2. Aviva
    Aviva
    | |

    I might ask, why do we need the labels? Instead of focusing on the words, I’d so love to focus on the practices. Bill, Kristi (my previous VP), and I entered into a discussion on Twitter about “buzz words,” and I think it might be neat to look beyond the words.

    Aviva

    Reply
  3. iteachell
    iteachell
    | |

    21st Century. I agree. Scrap it. Save yourself the extra breath and leave it at ‘students’ or ‘learning’, it’s all our students know. Although, I guess some may look at it as a way to show that notable change has happened-that we are moving forward from the previous century learning. So…when we keep moving forward over the next 85 years with teaching, learning, technology and tools, and our current practices evolve, at what point does it get recognized with a new title or buzz word? 21 and a half century learning?

    Reply
  4. Matt
    Matt
    | |

    When I first heard the term “genius hour” something I side me said this is it. This is how I like to teach and other people feel the same way. The term pointed to a shadowy, vague idea that hit a chord with me. As the term has become more codified in its meaning it has lost some of its mystery and I almost cringe to use it now because it doesn’t have the same appropriately vague meaning to me anymore.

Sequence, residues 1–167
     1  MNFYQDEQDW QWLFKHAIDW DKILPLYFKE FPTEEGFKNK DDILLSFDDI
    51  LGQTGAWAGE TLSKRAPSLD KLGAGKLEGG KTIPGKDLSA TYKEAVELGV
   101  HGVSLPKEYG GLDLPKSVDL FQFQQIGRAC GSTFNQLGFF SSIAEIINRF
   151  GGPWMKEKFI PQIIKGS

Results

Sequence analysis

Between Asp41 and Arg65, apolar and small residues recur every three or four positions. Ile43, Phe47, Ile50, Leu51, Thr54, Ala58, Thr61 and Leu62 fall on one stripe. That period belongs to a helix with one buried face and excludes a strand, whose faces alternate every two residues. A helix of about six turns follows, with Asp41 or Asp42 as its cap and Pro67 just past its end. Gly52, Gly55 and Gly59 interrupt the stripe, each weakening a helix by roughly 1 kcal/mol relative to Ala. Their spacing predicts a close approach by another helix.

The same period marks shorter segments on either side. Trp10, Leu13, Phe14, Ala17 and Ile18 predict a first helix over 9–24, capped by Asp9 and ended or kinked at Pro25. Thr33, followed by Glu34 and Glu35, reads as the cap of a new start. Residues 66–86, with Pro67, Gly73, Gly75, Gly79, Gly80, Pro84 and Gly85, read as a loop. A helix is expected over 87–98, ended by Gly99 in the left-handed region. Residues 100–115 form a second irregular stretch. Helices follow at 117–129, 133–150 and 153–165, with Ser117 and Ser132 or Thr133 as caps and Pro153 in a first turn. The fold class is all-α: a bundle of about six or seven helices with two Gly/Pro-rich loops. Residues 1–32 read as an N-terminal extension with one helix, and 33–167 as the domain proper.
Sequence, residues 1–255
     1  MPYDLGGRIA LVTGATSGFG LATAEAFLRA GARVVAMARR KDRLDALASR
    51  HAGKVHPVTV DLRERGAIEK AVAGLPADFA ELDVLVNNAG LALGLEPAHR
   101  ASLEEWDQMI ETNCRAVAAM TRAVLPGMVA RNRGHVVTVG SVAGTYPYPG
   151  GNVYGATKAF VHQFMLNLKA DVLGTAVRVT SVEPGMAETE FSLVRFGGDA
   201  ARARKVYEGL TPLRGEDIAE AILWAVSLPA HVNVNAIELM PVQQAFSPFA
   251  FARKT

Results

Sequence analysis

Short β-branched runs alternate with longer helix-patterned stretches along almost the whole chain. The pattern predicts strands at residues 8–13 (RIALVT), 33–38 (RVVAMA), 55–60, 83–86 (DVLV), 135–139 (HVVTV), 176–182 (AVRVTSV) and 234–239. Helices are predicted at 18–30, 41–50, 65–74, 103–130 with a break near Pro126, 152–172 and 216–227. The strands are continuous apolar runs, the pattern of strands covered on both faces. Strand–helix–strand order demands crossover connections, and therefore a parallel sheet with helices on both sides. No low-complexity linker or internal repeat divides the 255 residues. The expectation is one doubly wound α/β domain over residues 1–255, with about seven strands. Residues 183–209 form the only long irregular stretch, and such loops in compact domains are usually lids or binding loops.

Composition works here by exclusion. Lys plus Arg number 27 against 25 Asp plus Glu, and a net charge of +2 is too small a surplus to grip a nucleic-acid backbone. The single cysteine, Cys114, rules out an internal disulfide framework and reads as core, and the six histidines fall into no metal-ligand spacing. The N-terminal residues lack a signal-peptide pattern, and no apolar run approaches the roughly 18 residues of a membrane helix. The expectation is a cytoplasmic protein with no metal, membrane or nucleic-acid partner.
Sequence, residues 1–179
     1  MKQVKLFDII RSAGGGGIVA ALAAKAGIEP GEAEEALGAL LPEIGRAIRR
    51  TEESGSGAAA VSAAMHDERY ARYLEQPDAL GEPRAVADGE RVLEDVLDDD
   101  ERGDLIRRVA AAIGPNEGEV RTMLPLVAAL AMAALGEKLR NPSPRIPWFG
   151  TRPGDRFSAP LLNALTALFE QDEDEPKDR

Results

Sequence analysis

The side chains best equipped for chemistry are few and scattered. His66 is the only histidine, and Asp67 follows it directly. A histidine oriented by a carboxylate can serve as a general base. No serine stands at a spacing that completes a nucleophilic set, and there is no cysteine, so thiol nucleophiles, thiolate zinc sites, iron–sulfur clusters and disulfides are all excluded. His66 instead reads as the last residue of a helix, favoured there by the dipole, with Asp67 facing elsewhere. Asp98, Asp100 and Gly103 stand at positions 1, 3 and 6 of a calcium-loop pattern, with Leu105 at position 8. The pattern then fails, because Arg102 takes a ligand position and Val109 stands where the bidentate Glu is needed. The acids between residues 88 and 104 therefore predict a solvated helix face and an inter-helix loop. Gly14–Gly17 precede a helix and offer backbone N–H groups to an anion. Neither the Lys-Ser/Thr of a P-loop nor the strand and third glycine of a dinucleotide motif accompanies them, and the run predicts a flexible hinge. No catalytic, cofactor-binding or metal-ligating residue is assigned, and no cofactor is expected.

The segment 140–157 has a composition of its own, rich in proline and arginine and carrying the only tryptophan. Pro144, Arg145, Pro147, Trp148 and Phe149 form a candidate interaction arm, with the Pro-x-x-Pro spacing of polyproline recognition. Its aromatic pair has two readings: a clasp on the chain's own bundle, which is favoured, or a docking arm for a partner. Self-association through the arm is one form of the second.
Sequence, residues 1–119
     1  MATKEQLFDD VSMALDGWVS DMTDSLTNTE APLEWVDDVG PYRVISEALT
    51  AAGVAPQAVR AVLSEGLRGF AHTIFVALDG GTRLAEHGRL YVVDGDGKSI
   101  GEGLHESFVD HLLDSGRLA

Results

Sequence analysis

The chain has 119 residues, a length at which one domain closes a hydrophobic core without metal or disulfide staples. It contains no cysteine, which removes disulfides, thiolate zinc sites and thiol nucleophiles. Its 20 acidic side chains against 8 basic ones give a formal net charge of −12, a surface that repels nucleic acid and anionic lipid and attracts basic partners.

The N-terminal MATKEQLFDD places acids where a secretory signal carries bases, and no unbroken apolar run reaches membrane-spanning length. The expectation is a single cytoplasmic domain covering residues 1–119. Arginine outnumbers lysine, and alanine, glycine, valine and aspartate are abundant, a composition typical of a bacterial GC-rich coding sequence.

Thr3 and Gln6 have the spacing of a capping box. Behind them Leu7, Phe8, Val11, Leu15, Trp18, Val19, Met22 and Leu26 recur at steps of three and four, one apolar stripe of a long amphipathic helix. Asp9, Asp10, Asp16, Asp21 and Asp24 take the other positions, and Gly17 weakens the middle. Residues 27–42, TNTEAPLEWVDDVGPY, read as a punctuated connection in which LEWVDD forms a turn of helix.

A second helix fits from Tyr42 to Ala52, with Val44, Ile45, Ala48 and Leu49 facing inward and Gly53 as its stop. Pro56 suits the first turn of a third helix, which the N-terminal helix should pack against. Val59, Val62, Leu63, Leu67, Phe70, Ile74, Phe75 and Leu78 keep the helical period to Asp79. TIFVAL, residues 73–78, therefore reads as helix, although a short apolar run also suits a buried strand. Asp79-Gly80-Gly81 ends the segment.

The term 21century learner has never had the same resonance with me. We don’t learn any differently than we ever have. This self aware matter tries to make sense of the rest of the matter around us.

    Reply
  5. Karen
    Karen
    | |

    Great post Brian. You always cause me to have arguments in my own mind. Given some of my own titles or mis-titles…family studies teacher or home ec teacher, librarian, teacher-librarian, learning commons something or other, ‘dragon lady’…I will take them all without much fuss. I don’t complain much, but just try to go on learning. And for that matter, it is about the learning…student learning, teacher learning, life-long learning. But, as many of us are resistant to change and buzz words, these are the very means that encapsulate the pedagogy that we always learn more from and strive to get better at. So, yeah, 21st century buzz is a little antiquated, but much our education SYSTEM is still working on 19th century school house ideas. Best to keep the conversation going. Thanks for doing so Brian.

    Reply
  6. Kyle Pearce
    Kyle Pearce
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    21st Century Students is definitely a buzz word, but Is only tossed around because teaching hasn’t changed much in over a century. We have tons of technology, potential and opportunity to do great things with education as a whole – yet we don’t.

    Until learning in school changes significantly enough where one could hear a description of a lesson and decipher which century it was from, we must use the term “21st Century” to make sure we don’t keep the status quo until the 22nd Century.

    Reply
  7. iteachell
    iteachell
    | |

    I like it Kyle! Almost like a reminder….to push ourselves as a whole to do/ try great things, make a difference with, provide opportunities using, the technology and tools available to us today….

    Reply